<Issue Code="NATURAL RESOURCES" SpecificIssue="Interior Appropriations" />
      <Issue Code="ANIMALS" SpecificIssue="Bird Safe Buildings Act Albatross and Petrel Conservation Act Interior Appropriations for US Fish and Wildlife Service" />
      <Issue Code="REAL ESTATE/LAND USE/CONSERVATION" SpecificIssue="Greater Sage-Grouse Endangered Species Act Exemption" />
   </Issues>
   <ConvictionDisclosure>
      <Conviction ConvictionReported="NO" />
   </ConvictionDisclosure>
</Filing>

Using relational database terminology, the top-level <Filing> node is an associative entity, which pulls together all the related information about the filing — i.e., unique identifier, period represented, dollar amount spent for effort, date of filing — and the child nodes are the specifics.

  • Client: Special interest groups — e.g., corporations, non-profits, industries, national and international governments — advocating for/against legislation or regulations under consideration by the federal government.
  • Lobbyist: A professional hired by the client to present the client's position and persuade the federal government to take the client's position with regards to proposed legislation and regulations.
  • Registrant: The organization performing lobbying activities on behalf of the client, registered with the US government. Clients may lobby on their own behalf as both client and registrant or may hire firms who specialize in lobbying and hire lobbyists.
  • Government Entity: A department, reguatory agency, commission or branch of government lobbied. Multiple entities are usually associated with a single filing; by far the most lobbied entity is the Senate and House of Representatives.
  • Issue: Filings are assigned to general categories to simplify reporting, e.g., Education, Transportation, Natural Resources. Each filing contains a detailed description of the lobbying effort.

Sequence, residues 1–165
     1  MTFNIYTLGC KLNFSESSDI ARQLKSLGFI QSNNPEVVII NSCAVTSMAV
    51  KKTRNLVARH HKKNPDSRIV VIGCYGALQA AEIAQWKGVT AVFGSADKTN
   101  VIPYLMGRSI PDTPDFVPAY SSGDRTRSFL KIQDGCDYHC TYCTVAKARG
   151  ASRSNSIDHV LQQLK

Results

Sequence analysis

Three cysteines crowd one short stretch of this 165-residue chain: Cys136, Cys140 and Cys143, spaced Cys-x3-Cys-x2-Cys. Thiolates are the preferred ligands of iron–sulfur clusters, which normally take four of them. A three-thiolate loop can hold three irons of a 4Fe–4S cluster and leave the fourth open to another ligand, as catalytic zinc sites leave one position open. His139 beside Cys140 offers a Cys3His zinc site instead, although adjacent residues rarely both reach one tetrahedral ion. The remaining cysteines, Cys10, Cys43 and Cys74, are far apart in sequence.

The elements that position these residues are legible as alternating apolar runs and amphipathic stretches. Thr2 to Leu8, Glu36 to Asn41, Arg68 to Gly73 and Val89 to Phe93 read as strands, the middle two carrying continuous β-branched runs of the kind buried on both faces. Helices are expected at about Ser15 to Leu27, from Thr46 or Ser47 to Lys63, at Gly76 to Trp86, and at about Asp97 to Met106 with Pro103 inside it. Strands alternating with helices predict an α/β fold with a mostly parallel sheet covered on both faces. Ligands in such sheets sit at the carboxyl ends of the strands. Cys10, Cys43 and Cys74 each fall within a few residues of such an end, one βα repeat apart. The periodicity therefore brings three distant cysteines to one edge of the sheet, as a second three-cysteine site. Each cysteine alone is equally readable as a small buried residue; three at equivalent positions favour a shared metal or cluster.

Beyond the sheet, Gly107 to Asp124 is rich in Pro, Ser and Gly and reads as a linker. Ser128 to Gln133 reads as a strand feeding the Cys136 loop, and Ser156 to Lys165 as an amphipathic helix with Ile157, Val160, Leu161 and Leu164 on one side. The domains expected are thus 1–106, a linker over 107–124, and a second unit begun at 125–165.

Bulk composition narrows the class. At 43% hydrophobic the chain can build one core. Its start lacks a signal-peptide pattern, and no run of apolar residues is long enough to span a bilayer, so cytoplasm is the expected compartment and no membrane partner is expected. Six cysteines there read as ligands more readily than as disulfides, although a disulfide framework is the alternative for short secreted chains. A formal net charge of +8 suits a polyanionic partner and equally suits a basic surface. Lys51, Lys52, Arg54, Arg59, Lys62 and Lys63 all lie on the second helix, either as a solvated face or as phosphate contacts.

Loading Neo4J

The basic process for loading the filings data is fairly straight-forward:

  1. Unzip the XML documents (files) from the downloaded zip file
  2. Deserialize the XML file
  3. For each filing, find or create the supporting Neo4J nodes — the registrants, lobbyists, clients, issues, and government entities — and then create a new filing node with the appropriate relationships

The documents are well-formed, so using JAXB for deserializing the XML is fairly straight-forward. I manually created an XSD representing the XML data and generated annotated POJOs that could be used for iterating through the filings.

I'm using the Neo4J Object Mapping library (OGM) to load the data into Neo4J. Neo4J OGM is an annotation-driven persistence library, similar in concept to the Java Persistence API (e.g., Hibernate) where objects represent nodes and relationships. Neo4J OGM also supports sessions, transactions and programmatic queries.

After different attempts, here's how I ended up modeling the data:

Model of data

Challenges

  • Schema Definition. (Filing) nodes far outnumber other node types and are the concept around which all other information is related. As I'll demonstrate in a subsequent article, all useful queries include the [FILED] relationship, making visualizations difficult.
  • Performance. The constant querying of Neo4J for existing nodes — clients, registrants, lobbyists, issues, and government entities — slows the load process as more filings are loaded. (Lobbyist) nodes are the next largest by volume, it could be that caching or better database indices are required, definitely an area to investigate.

What's Next?

My next article will demonstrate different ways to query the database for interesting facts.

The project source can be found on GitHub.

Further Reading

Building a Dating Site With Neo4j: Part 1

Understanding Graph Databases

Topics:
neo4j ,java ,jaxb ,politics ,neo4j in action ,database ,tutorial ,us lobbying data ,loading neo4j